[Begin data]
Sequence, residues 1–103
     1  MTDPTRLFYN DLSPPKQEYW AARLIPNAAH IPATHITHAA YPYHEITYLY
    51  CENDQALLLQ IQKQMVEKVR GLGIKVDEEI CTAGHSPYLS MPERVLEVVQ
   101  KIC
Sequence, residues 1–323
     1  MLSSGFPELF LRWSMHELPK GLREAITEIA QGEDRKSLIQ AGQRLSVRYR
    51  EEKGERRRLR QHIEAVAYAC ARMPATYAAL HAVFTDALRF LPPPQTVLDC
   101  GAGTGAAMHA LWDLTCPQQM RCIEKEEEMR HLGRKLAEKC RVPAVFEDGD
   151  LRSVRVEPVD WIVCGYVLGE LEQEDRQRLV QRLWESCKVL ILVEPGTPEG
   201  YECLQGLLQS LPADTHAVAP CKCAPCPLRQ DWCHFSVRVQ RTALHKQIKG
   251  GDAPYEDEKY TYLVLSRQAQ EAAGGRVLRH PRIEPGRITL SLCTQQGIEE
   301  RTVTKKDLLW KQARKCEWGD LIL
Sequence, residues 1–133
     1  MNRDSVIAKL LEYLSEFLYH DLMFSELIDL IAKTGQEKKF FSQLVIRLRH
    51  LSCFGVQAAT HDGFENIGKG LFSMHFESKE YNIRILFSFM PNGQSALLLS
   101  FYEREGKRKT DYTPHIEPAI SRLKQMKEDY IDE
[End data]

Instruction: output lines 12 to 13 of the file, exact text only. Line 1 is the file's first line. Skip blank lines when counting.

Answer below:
   301  RTVTKKDLLW KQARKCEWGD LIL
Sequence, residues 1–133